Before interacting with the definition, we need to look at the history of CRT to provide an even deeper context for understanding. The development of CRT is intertwined with the history of thoughts and ideas, as well as historical events. To get to today’s CRT, we must begin in the 19th century with Karl Marx and his Conflict Theory. This theory proposed that maximizing power is what all groups and individuals are fighting for. Ideologies such as Marxism and Socialism were products of his work. The 20th century saw Marxist revolutions and Socialistic regimes in the Soviet Union, China, Cambodia and other places fail in their attempts to displace capitalism. In the late 1960s these failures led to “postmodern theory.” Postmodernism rejected broad explanations of society (metanarratives) such as Christianity and Marxism. Postmodernism is “characterized by broad skepticism, subjectivism, or relativism.; a general suspicion of reason; and an acute sensitivity to the role of ideology in asserting and maintaining political and economic power”(3) and fundamentally changed social philosophy. 

Critical Theory was the outgrowth of this radical change. Critical Theory attempted to explain the reasons for the issues that led to inequity across broad categories including gender, class, and race using the Conflict Theory idea of oppressed and oppressor to explain any inequity. Again, allowing proponents to explain their terms, “Critical race theory builds on the insights of two previous movements, critical legal studies [a derivative of Critical Theory] and radical feminism, to both of which it owes a large debt.” (4) It is commonly acknowledged that CRT officially began in 1989 at a conference in Wisconsin sponsored by Harvard Law professor Derrick Bell. 

Within that historical context we can begin to ascertain the core tenets of CRT. Again, it is helpful to allow proponents to define terms. From the book Critical Race Theory, we can define the core tenets of CRT as follows: 

  • Racism is a normal, defining and ongoing action of the human species. 
  • That those of non-color have no reason to eliminate racism unless it benefits them. 
  • That this racism has no basis in biology but is a social construct to maintain white privilege and white supremacy.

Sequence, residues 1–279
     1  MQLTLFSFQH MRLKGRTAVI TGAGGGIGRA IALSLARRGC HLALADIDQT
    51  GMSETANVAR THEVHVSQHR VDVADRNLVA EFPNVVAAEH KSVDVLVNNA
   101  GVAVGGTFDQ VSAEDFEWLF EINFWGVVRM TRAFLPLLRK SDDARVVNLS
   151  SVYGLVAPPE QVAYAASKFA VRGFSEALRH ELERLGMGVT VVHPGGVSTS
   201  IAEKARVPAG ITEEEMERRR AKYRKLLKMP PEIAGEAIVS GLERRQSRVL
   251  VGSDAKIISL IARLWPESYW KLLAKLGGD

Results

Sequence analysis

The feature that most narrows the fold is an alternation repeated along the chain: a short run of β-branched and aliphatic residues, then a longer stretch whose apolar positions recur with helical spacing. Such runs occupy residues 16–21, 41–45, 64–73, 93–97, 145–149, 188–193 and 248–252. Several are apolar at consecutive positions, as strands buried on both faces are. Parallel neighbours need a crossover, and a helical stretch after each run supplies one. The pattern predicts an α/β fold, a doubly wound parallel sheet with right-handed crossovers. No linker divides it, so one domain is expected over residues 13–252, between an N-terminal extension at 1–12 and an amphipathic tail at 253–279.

• That those of non-color have no ability to act correctly in stopping racism because only those of minority status have the competence to speak about race. (5)

How to Think About CRT

Often, those on both sides of this dialogue seem to be talking past each other because they aren’t looking at the issue using the same framework. Therefore, CRT becomes an amorphous phrase used to promote an agenda rather than an idea to critique or defend. There are those who employ CRT as a metanarrative (an explanation of the world) or lens one uses to view reality. There are others who tend to see CRT mainly as a collection of methods that can be used in discussing racism in society. Finally, many have responded to CRT affectively and emotionally as an idea that resonates with their experience in this world. All of these responses have validity. Understanding CRT within a framework of metanarrative, method or mood is an opportunity for us to bring the conversation back “to the cross — a place of justice and mercy, trauma and healing that welcomes both victim and oppressor, black and white.” (6)

CRT as metanarrative is the primary framework used by those who reject CRT and see it as incompatible and irreconcilable with Christianity. The most notable example, as a church who is aligned with the Southern Baptist Convention, in this group is the statement from the Council of Seminary Presidents of the Southern Baptist Convention in 2020, which reads in part: